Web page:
Governor Perry: Oops #2
August 24, 2014 § 1 Comment
A Travis County grand jury has charged Governor Rick Perry with having violated two sections of the Texas Penal Code: 39.02 and 36.03. Those sections are as follows:
§ 39.02. ABUSE OF OFFICIAL CAPACITY. (a) A public servant commits an offense if, with intent to obtain a benefit or with intent to harm or defraud another, he intentionally or knowingly: (1) violates a law relating to the public servant’s office or employment; or (2) misuses government property, services, personnel, or any other thing of value belonging to the government that has come into the public servant’s custody or possession by virtue of the public servant’s office or employment.
(b) An offense under Subsection (a)(1) is a Class A misdemeanor.
(c) An offense under Subsection (a)(2) is: (1) a Class C misdemeanor if the value of the use of the thing misused is less than $20; (2) a Class B misdemeanor if the value of the use of the thing misused is $20 or more but less than $500 ; (3) a Class A misdemeanor if the value of the use of the thing misused is $500 or more but less than $1,500; (4) a state jail felony if the value of the use of the thing misused is $1,500 or more but less than $20,000; (5) a felony of the third degree if the value of the use of the thing misused is $20,000 or more but less than $100,000; (6) a felony of the second degree if the value of the use of the thing misused is $100,000 or more but less than $200,000; or (7) a felony of the first degree if the value of the use of the thing misused is $200,000 or more.
(d) A discount or award given for travel, such as frequent flyer miles, rental car or hotel discounts, or food coupons, are not things of value belonging to the government for purposes of this section due to the administrative difficulty and cost involved in recapturing the discount or award for a governmental entity.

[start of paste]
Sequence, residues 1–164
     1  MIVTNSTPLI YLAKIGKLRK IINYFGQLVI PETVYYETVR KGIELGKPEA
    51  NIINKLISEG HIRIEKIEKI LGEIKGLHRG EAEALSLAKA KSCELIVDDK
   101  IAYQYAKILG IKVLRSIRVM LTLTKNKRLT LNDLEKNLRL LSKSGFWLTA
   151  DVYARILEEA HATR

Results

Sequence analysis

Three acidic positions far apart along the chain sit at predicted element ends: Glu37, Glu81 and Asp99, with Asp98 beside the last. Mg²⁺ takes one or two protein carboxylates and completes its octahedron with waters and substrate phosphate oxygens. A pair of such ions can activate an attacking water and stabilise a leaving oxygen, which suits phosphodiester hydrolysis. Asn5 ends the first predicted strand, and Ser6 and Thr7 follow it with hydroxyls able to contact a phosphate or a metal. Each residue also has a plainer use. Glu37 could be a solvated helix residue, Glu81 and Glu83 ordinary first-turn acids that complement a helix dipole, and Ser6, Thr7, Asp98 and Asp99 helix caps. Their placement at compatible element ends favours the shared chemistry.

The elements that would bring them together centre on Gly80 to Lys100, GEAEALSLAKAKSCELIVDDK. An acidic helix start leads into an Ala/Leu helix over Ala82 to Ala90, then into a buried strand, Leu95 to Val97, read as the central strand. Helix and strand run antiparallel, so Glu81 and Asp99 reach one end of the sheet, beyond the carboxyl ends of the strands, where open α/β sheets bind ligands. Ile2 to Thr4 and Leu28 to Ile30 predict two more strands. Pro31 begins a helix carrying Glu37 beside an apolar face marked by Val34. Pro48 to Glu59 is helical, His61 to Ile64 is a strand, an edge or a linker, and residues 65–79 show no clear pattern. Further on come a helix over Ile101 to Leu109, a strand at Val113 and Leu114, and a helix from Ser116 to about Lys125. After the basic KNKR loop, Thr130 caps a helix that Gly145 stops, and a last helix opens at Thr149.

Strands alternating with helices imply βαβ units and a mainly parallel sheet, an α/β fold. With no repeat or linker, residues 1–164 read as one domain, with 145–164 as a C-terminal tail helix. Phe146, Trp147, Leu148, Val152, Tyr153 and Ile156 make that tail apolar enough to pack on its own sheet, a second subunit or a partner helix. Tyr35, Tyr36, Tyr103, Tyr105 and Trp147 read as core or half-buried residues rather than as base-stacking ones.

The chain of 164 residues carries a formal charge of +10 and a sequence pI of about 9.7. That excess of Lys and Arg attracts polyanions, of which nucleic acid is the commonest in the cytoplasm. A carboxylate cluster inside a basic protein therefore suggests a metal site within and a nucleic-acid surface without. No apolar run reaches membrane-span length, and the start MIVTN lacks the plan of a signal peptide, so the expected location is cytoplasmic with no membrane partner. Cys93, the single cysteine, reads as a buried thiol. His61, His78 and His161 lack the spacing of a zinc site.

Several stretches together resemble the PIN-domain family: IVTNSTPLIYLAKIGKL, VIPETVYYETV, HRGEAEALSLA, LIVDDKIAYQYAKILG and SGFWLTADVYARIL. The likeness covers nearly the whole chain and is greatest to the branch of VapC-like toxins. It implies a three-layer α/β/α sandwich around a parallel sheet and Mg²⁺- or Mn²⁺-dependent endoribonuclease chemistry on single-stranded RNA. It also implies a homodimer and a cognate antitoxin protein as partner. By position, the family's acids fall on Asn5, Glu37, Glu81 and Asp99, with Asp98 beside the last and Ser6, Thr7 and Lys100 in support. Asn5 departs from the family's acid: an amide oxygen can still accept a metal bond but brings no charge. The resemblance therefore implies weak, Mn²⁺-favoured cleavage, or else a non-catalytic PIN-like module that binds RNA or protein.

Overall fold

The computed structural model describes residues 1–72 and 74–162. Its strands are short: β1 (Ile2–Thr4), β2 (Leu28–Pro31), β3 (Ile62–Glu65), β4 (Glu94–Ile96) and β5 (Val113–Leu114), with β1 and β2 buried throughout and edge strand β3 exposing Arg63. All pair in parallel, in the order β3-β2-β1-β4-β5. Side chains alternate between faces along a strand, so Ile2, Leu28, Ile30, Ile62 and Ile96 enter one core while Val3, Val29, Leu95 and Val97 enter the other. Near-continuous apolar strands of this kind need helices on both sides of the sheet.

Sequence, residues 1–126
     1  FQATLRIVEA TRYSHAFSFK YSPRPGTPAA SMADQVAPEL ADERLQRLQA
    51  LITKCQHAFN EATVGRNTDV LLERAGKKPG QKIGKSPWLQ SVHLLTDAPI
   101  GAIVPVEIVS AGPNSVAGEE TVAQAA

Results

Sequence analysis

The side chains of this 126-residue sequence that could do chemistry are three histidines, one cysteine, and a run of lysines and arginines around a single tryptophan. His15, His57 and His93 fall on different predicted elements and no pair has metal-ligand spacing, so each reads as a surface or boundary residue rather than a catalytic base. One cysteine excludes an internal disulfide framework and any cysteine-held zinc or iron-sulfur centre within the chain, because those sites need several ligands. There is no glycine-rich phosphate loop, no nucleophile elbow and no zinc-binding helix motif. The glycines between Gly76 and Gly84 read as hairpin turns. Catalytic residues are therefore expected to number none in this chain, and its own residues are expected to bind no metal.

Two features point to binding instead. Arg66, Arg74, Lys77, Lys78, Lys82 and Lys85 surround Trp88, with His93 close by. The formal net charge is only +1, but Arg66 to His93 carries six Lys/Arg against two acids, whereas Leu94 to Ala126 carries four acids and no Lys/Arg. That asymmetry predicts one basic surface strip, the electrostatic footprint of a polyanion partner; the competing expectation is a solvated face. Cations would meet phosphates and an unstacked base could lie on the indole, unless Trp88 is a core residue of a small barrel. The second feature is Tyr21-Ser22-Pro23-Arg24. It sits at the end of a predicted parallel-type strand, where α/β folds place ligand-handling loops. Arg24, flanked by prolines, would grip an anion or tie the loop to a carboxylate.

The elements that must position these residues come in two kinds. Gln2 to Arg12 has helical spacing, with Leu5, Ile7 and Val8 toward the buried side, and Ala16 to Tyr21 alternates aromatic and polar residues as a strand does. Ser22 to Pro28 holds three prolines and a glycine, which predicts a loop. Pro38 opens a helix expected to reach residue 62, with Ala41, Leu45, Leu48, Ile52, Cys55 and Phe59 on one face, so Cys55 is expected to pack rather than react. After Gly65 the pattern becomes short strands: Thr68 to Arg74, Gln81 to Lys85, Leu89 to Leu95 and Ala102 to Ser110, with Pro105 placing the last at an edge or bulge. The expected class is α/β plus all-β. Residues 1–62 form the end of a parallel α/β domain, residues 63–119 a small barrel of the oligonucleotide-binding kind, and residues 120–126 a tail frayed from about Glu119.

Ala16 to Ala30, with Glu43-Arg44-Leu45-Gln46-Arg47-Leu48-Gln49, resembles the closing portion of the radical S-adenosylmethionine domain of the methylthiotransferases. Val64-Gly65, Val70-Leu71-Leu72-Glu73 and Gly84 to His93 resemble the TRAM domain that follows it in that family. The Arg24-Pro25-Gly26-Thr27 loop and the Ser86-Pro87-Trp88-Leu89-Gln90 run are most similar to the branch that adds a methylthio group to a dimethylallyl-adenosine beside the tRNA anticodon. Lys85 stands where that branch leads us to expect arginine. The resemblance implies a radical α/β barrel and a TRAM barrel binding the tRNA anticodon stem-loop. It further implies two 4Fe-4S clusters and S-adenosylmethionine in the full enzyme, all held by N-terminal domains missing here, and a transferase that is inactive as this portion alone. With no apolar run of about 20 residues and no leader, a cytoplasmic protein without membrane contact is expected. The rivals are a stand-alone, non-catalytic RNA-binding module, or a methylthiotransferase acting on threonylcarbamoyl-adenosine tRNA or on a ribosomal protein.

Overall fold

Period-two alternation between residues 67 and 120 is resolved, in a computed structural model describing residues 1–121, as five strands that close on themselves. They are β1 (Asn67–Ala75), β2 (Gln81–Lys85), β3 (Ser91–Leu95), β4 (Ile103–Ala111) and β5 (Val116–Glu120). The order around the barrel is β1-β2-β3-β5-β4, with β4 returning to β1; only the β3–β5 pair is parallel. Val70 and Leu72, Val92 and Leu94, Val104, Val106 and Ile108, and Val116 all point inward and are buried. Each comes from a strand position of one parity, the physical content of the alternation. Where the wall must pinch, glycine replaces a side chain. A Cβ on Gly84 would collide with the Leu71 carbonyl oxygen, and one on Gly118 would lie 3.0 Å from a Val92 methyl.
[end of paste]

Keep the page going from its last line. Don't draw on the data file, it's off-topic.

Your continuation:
Sec. 36.03. COERCION OF PUBLIC SERVANT OR VOTER. (a) A person commits an offense if by means of coercion he:
(1) influences or attempts to influence a public servant in a specific exercise of his official power or a specific performance of his official duty or influences or attempts to influence a public servant to violate the public servant’s known legal duty; or
(2) influences or attempts to influence a voter not to vote or to vote in a particular manner.
(b) An offense under this section is a Class A misdemeanor unless the coercion is a threat to commit a felony, in which event it is a felony of the third degree.
(c) It is an exception to the application of Subsection (a)(1) of this section that the person who influences or attempts to influence the public servant is a member of the governing body of a governmental entity, and that the action that influences or attempts to influence the public servant is an official action taken by the member of the governing body. For the purposes of this subsection, the term “official action” includes deliberations by the governing body of a governmental entity.
The Factual Background
The Travis County District Attorney presides over the Public Integrity Unit, an agency charged with investigating and prosecuting public officials who are found to have misused their authority in some corrupt or criminal manner. That unit is funded with money appropriated by the Legislature.
In April, 2013, acting on a phone tip from a motorist in Austin, the police arrested Travis County District Attorney Rosemary Lehmberg and charged her with DWI. A video of her arrest and jailing, later released to the media, showed her behaving in a drunken and embarrassing way. She plead guilty and served half of a 45 day jail sentence.